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|dc.contributor.author||Gemünden, Hans Georg||-|
|dc.description.abstract||This article shows how promotors work together in the fundamental organizational transformation towards a project-oriented organization, what contributions they make, and how several promotors complement each other. The theoretical base is the promotor theory developed by Witte, Hauschildt and Gemünden. This theory explains how the three key roles of expert, power and process promotor jointly overcome the barriers of not knowing an innovation, not wanting an innovation, and not being allowed to innovate. The empirical base is a longitudinal study of eight companies over the different stages of their transformation process. 42 semi-structured interviews were conducted with top managers, middle managers with line functions, and project managers, transcribed and systematically evaluated. The analysis of the key persons comprises three aspects: the promotors, their opponents, and the cooperation of the promotors in a promotor structure. The results show that the three different types of promotors drive the transformation process of creating a truly project-oriented organization. Thus, the promotor theory does not only apply to new product innovations ventures that realize higher benefits through new technologies and better fulfillment of customer needs, but also for management innovations that transform the management system of an organization. Contrary to the expectations raised in the literature, the organizational transformation was not only a matter of senior management commitment, and good process management. Rather, the role of the expert promotor was very important, because the competences of the project-oriented organization comprises a wide range of different capabilities that are practiced not only in many temporary projects, but also in many different organizational units of the permanent organization that plan, control, staff, guide, and support projects to generate corporate success. Project management understanding and skills are therefore not only required from project managers that are assigned to lead a project, but also from responsible senior managers, project owners, project staffing units, project steering committees, project management offices, project portfolios boards, human resource managers, and knowledge managers.||de_CH|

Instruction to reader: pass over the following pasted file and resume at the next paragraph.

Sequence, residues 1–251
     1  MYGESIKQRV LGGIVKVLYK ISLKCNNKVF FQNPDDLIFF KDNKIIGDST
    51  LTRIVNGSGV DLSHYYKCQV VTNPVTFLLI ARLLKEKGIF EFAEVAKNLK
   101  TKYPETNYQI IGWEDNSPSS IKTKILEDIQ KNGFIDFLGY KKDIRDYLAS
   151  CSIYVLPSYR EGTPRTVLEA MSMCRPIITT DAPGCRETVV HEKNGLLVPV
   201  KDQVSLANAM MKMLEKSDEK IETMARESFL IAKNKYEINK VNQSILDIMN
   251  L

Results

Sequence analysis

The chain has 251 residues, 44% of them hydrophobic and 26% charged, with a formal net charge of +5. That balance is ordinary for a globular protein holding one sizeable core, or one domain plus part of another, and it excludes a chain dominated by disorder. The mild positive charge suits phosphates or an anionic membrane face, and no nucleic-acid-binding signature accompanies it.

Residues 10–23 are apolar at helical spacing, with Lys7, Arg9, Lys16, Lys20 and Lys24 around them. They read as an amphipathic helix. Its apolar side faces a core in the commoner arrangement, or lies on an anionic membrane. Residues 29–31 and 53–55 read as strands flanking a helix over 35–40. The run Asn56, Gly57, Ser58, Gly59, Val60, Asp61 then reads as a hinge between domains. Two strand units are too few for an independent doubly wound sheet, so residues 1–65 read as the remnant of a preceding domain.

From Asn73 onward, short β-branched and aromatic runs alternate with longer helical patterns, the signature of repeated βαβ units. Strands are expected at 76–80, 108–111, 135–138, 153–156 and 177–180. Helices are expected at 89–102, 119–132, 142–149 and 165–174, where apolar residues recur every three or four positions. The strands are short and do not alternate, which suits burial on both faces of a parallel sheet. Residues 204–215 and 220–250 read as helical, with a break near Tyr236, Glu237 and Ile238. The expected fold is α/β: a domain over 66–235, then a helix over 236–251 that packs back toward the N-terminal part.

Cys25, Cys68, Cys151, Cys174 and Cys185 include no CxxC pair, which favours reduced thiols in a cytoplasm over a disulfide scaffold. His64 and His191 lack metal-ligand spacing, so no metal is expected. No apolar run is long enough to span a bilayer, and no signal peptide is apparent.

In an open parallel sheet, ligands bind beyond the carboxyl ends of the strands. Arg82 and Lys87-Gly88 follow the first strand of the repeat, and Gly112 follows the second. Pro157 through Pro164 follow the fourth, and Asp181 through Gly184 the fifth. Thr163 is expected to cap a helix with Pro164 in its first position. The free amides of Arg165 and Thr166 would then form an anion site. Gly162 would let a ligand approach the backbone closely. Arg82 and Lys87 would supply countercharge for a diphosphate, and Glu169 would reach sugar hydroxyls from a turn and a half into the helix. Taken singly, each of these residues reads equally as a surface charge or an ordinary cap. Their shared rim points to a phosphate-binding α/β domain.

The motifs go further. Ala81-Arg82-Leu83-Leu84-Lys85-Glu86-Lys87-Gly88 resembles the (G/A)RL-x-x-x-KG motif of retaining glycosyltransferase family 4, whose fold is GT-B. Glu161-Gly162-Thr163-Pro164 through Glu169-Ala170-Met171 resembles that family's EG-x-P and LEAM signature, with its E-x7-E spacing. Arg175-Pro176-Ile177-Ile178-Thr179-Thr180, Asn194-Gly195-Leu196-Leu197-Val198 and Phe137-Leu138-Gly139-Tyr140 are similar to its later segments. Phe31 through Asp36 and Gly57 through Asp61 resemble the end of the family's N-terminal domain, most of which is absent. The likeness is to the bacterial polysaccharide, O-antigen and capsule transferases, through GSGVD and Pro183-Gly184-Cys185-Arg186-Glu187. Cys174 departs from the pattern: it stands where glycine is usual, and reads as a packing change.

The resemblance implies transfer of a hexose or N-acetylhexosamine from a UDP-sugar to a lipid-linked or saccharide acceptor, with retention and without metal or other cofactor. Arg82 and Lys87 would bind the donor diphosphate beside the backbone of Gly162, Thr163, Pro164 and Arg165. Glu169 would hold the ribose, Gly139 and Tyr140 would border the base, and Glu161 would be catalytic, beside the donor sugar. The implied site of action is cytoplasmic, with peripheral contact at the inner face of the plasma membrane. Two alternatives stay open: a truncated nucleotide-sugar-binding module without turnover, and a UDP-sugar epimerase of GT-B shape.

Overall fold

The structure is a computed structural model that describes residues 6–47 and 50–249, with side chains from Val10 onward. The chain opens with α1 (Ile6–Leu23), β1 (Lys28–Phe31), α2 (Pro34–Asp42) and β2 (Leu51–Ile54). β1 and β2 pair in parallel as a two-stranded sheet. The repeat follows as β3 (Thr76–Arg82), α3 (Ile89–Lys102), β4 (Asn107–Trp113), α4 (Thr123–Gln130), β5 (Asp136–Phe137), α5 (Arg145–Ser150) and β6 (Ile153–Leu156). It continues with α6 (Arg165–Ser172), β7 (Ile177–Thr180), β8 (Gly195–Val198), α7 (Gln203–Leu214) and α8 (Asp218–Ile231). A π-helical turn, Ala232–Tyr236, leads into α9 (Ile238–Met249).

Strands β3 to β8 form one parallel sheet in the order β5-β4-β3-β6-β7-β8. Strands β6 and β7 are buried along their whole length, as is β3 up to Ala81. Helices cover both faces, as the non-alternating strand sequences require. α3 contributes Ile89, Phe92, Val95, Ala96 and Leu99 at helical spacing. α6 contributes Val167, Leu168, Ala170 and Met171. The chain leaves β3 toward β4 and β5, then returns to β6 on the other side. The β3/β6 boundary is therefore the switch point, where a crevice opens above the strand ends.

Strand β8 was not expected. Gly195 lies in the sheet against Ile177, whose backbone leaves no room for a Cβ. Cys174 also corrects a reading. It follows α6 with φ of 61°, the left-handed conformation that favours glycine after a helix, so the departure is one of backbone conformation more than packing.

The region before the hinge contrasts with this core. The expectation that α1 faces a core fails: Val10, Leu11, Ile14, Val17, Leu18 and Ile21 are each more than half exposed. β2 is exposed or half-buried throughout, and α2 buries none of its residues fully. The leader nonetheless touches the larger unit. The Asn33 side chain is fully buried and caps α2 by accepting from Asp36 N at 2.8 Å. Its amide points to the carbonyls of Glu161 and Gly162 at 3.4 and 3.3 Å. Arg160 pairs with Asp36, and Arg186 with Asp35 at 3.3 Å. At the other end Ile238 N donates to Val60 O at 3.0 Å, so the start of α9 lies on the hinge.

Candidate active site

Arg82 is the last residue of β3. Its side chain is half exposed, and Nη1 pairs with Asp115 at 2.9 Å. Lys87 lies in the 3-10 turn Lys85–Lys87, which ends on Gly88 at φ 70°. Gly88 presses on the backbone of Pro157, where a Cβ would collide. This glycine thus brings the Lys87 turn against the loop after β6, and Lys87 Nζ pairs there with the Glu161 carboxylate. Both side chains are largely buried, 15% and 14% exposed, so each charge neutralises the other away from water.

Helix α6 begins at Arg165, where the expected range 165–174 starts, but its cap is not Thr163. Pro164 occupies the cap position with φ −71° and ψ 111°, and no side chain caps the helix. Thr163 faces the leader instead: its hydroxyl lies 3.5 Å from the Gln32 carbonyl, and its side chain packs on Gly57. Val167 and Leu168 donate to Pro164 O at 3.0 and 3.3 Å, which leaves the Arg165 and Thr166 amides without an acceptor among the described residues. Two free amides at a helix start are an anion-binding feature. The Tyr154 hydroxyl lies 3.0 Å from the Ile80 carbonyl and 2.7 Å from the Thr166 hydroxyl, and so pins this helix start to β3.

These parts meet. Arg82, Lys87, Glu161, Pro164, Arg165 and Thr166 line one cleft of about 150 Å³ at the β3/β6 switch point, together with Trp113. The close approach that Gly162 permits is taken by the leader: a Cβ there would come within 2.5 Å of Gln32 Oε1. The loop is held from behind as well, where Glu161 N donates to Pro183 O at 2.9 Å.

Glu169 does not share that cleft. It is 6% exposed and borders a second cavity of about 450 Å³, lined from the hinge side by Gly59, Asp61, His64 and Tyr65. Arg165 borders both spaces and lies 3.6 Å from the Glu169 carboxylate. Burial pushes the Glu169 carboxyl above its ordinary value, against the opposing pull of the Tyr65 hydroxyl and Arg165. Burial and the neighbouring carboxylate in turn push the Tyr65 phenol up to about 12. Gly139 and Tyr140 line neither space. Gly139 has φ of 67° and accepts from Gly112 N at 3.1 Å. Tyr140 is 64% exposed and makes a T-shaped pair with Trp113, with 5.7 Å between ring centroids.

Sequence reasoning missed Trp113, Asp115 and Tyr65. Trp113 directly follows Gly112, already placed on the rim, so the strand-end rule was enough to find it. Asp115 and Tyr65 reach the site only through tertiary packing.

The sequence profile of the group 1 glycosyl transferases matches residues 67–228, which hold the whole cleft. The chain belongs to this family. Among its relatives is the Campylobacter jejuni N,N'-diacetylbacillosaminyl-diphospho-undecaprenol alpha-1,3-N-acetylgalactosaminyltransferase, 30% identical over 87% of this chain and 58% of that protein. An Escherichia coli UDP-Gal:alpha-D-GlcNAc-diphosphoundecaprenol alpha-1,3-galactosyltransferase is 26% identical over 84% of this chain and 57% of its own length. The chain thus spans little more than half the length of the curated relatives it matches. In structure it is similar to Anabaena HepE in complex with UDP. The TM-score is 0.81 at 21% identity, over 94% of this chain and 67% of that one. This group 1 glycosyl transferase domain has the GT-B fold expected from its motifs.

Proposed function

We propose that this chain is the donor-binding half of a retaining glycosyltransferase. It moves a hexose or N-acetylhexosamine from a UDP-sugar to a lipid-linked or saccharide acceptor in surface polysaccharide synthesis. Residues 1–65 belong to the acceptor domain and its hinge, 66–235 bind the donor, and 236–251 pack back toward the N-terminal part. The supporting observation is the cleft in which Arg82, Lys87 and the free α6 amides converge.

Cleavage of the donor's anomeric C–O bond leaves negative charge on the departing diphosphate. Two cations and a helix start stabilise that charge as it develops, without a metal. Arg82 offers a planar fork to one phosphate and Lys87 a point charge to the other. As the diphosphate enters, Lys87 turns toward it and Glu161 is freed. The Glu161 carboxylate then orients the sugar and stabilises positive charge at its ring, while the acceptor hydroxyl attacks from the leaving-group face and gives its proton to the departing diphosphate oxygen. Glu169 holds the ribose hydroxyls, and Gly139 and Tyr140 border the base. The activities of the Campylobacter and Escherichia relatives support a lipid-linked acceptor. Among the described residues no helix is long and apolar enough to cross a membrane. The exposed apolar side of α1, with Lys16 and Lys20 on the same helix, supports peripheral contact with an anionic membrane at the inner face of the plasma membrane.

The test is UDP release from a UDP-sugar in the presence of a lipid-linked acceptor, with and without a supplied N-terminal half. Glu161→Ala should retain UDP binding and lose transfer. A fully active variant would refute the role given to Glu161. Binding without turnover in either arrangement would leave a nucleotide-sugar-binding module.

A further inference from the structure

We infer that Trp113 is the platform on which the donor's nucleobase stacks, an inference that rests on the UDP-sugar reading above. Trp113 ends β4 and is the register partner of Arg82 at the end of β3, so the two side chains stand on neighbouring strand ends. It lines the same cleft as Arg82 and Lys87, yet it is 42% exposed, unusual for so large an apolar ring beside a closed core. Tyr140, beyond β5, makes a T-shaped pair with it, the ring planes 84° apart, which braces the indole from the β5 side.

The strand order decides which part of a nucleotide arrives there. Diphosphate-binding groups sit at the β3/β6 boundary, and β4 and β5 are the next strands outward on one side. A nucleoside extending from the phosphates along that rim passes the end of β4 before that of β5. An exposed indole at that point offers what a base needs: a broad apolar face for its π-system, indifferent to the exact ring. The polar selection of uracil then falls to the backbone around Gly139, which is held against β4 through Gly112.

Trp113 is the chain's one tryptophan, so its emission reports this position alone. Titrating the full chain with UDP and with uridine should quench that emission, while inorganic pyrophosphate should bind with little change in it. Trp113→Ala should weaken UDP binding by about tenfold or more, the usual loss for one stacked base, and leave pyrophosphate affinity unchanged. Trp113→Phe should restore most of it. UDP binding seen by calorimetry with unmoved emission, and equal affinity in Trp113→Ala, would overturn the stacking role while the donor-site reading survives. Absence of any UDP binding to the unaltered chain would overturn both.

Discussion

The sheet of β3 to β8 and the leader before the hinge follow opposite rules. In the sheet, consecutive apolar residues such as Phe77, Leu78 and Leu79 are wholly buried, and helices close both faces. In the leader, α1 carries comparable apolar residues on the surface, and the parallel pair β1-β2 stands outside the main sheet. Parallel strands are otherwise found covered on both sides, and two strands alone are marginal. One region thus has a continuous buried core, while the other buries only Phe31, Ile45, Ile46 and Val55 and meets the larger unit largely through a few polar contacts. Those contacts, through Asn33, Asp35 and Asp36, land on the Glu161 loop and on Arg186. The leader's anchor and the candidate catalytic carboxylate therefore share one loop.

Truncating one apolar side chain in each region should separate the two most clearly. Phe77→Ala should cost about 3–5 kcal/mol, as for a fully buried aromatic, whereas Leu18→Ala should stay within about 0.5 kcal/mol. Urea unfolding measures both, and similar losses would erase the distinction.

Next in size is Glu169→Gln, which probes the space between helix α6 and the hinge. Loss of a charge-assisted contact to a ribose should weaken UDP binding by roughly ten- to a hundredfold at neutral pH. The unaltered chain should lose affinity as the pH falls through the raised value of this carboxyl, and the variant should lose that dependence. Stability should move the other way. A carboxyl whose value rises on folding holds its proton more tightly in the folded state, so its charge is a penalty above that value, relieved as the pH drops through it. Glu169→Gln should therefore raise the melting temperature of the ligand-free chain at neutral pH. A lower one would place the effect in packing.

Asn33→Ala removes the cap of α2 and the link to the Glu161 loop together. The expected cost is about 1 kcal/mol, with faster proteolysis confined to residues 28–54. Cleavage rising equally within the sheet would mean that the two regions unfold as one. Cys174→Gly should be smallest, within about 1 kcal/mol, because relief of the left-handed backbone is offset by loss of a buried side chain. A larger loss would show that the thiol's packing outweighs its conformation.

|dc.rights||Licence according to publishing contract||de_CH|
|dc.title||Promotors : necessary drivers of viable, project-oriented organizations||de_CH|
|zhaw.departement||School of Management and Law||de_CH|
|zhaw.organisationalunit||Institute for Organizational Viability (IOV)||de_CH|
|zhaw.conference.details||20th EURAM Annual Conference, Dublin, Ireland, 4-6 December 2020||de_CH|
|zhaw.publication.review||Peer review (Publikation)||de_CH|
|Appears in collections:||Publikationen School of Management and Law|
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Lehner, P., Martignoni, J., & Gemünden, H. G. (2020). Promotors : necessary drivers of viable, project-oriented organizations. 20th EURAM Annual Conference, Dublin, Ireland, 4-6 December 2020.
Lehner, P., Martignoni, J. and Gemünden, H.G. (2020) ‘Promotors : necessary drivers of viable, project-oriented organizations’, in 20th EURAM Annual Conference, Dublin, Ireland, 4-6 December 2020.
P. Lehner, J. Martignoni, and H. G. Gemünden, “Promotors : necessary drivers of viable, project-oriented organizations,” in 20th EURAM Annual Conference, Dublin, Ireland, 4-6 December 2020, 2020.
Lehner, Patrick, et al. “Promotors : Necessary Drivers of Viable, Project-Oriented Organizations.” 20th EURAM Annual Conference, Dublin, Ireland, 4-6 December 2020, 2020.
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